Taxotere is a chemotherapy drug most commonly used to treat breast cancer. Though Taxotere helps to save lives, it can cause a permanent form of hair loss that may change them forever. Taxotere side effects also include kidney damage, fluid retention, and toxic death.
Studies + Science
The Next Steps
|Taxotere causes an irreversible type of hair loss known as alopecia.||In one study, 19 of 20 women developed alopecia while using Taxotere.||The FDA didn’t add the risk of alopecia to Taxotere’s labeling until 2015.||Resources for dealing with the side effects of Taxotere are available.|
Table of Contents
Taxotere, also known as docetaxel, is a popular chemotherapy drug. Taxotere is supplied through the vein, usually for an hour once every 3 weeks, to halt the growth of cancer cells.
Manufactured by the French pharmaceutical company Sanofi-Aventis, Taxotere is the most prescribed drug in its class. It’s marketed in over 100 countries. Although it’s also used to treat lung cancer, prostate cancer, stomach cancer, and head/neck cancer, Taxotere is given to nearly 75 percent of U.S. women with breast cancer.
Nearly 3 million U.S. women have breast cancer and an estimated 300,000 women were diagnosed with breast cancer in 2016.
Hair loss is a common side effect of chemotherapy, but most patients can expect their hair to grow back 3 to 6 months after completing treatment. Hair may never regrow for patients who’ve been prescribed Taxotere.
Studies + Science
Taxotere is a highly powerful chemotherapy drug. It’s about two times as potent as another chemo drug called paclitaxel, and at least five times more potent against paclitaxel-resistant cells.
Studies show that Taxotere, which is used by double the amount of women, can improve survival in the fight against metastatic breast cancer. Though permanent hair loss may be more difficult for females, no one working to overcome the debilitating side effects of chemotherapy needs additional hurdles.
How does Taxotere work?
Cancer cells spread disease through continuous division and multiplication. During the division process, Taxotere targets harmful cell structures called microtubules. The drug stops them from dividing and spreading the DNA that creates tumors.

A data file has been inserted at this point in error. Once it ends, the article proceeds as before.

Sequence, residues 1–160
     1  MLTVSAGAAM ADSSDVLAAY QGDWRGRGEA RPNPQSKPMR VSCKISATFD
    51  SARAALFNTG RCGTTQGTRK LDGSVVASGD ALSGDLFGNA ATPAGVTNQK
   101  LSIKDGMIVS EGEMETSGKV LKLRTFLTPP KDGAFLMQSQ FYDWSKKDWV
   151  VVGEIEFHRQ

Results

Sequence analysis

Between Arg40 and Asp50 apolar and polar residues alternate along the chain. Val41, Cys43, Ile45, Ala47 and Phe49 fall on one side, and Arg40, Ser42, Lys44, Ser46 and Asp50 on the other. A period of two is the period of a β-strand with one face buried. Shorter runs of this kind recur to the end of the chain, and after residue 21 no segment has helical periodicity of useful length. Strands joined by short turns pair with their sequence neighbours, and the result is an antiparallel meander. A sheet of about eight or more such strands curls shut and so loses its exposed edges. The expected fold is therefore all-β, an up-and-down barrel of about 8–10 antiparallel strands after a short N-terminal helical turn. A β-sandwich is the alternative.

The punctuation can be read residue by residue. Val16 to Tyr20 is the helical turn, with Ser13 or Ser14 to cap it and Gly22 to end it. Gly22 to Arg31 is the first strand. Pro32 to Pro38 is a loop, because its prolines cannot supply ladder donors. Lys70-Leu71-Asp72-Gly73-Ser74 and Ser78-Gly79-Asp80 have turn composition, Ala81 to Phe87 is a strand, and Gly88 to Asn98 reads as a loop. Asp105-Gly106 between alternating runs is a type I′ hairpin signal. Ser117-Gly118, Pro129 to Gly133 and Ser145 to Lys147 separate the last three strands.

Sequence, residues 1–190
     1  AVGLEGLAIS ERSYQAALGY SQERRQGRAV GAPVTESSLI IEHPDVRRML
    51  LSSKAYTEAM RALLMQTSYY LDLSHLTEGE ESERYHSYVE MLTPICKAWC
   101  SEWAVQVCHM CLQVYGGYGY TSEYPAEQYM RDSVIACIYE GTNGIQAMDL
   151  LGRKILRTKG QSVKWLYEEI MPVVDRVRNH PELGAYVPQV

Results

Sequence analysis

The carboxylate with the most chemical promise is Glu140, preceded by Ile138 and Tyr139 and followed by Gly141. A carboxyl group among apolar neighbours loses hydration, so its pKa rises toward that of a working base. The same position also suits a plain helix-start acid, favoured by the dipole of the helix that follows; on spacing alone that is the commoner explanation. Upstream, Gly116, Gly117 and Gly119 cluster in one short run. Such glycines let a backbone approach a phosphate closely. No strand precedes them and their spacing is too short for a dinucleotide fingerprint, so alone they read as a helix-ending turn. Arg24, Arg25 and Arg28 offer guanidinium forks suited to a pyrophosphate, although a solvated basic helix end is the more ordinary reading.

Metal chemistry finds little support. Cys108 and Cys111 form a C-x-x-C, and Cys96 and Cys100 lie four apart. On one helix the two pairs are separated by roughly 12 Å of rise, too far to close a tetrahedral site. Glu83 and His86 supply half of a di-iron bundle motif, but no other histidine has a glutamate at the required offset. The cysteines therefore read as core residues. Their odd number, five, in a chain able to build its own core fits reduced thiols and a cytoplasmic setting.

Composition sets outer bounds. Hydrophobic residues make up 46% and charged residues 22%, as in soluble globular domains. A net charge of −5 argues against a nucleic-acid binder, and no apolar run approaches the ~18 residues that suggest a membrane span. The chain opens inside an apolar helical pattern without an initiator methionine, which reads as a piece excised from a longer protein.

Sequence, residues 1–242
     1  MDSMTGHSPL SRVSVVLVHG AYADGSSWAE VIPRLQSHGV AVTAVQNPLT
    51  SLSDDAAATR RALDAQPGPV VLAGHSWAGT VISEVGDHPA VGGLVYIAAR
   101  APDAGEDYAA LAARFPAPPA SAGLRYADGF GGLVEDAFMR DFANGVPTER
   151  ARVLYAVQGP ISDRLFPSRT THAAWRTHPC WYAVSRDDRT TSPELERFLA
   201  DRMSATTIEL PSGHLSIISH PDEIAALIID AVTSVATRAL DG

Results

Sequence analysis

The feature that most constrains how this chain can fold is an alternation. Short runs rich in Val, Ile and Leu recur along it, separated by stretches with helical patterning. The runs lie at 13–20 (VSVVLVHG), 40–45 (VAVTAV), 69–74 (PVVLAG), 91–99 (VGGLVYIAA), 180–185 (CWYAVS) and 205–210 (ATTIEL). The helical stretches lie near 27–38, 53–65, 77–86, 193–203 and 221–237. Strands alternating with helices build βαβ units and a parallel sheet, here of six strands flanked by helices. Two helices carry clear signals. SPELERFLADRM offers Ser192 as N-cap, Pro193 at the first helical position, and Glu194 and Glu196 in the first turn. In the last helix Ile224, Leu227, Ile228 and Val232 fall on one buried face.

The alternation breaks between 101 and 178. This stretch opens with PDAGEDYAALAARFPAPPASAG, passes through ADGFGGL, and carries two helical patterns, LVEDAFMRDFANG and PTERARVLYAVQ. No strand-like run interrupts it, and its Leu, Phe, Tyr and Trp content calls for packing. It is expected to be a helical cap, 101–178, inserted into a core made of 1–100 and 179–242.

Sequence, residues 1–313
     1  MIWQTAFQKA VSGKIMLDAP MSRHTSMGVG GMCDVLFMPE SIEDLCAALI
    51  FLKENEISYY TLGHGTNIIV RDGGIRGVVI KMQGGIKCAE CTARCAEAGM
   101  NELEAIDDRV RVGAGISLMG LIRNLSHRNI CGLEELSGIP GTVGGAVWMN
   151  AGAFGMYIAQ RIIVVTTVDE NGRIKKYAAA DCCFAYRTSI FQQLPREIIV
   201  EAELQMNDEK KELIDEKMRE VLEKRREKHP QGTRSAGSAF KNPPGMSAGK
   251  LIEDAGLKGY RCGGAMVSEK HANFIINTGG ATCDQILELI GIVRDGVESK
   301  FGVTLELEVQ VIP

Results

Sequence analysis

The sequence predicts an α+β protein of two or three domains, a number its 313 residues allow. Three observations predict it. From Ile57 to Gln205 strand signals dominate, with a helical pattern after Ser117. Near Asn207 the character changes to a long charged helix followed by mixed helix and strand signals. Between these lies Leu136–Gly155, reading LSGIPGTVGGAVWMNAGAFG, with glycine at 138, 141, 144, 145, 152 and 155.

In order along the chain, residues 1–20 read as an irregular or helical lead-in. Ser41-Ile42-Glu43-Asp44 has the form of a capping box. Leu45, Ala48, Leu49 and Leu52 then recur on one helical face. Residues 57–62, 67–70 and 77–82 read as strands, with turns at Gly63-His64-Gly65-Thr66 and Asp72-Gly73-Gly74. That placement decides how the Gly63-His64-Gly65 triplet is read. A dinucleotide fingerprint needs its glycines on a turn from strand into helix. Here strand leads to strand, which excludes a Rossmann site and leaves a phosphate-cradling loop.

Taxotere is a semi-synthetic, second-generation member of a plant alkaloid drug class called taxanes. Taxanes are derived from the European Pacific Yew tree, also known as the taxus. Studies show Taxotere is more likely to aid in the survival of cancer patients, compared to other chemotherapy injections.
According to Cancer.gov, Taxotere treats five types of cancer:
- Breast cancer that is locally advanced or has metastasized (spread to other parts of the body) and has not lessened with other chemotherapy. It is also used to treat breast cancer that is node-positive and can be removed by surgery.
- Advanced adenocarcinoma of the stomach or gastroesophageal junction. It is used in patients who have not been treated with chemotherapy for advanced disease.
- Non-small cell lung cancer in certain patients whose cancer is locally advanced or has metastasized.
- Prostate cancer that has metastasized in men whose cancer is hormone-refractory (does not respond to hormone treatment).
- Squamous cell carcinoma of the head and neck that is locally advanced and cannot be treated with surgery.
What is alopecia?
Alopecia is an autoimmune disease that results in permanent hair loss when the body attacks its hair follicles. When triggered by Taxotere, alopecia often starts as a single bald spot. Over time, the loss will stretch into patches that spread across the scalp and body. Sometimes round areas of baldness may overlap. No part is spared, and in many cases, even eyelashes and eyebrows will disappear.
In 2005, the GEICAM 9805 study, funded by the drug manufacturer Sanofi, found that 9.2 percent of patients suffered hair loss for at least a decade. In 2012, a Rocky Mountain Cancer study found that 6 percent of women will develop alopecia. That same year, the Annals of Oncology published a study that showed 19 of 20 women who used Taxotere suffered from irreversible hair loss.